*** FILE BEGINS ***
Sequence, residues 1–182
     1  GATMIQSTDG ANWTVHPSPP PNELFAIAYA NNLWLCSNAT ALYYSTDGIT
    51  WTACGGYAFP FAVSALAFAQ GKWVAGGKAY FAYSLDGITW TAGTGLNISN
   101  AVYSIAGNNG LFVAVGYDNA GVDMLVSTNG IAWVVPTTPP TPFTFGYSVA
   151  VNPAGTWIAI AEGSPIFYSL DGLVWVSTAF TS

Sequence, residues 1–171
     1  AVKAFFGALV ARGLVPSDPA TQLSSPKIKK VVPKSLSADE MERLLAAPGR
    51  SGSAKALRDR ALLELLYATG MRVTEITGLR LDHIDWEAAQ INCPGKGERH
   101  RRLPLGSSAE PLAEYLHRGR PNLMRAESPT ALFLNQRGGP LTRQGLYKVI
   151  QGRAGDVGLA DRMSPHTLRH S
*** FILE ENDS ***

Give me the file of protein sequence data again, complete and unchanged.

Sequence, residues 1–182
     1  GATMIQSTDG ANWTVHPSPP PNELFAIAYA NNLWLCSNAT ALYYSTDGIT
    51  WTACGGYAFP FAVSALAFAQ GKWVAGGKAY FAYSLDGITW TAGTGLNISN
   101  AVYSIAGNNG LFVAVGYDNA GVDMLVSTNG IAWVVPTTPP TPFTFGYSVA
   151  VNPAGTWIAI AEGSPIFYSL DGLVWVSTAF TS

Sequence, residues 1–171
     1  AVKAFFGALV ARGLVPSDPA TQLSSPKIKK VVPKSLSADE MERLLAAPGR
    51  SGSAKALRDR ALLELLYATG MRVTEITGLR LDHIDWEAAQ INCPGKGERH
   101  RRLPLGSSAE PLAEYLHRGR PNLMRAESPT ALFLNQRGGP LTRQGLYKVI
   151  QGRAGDVGLA DRMSPHTLRH S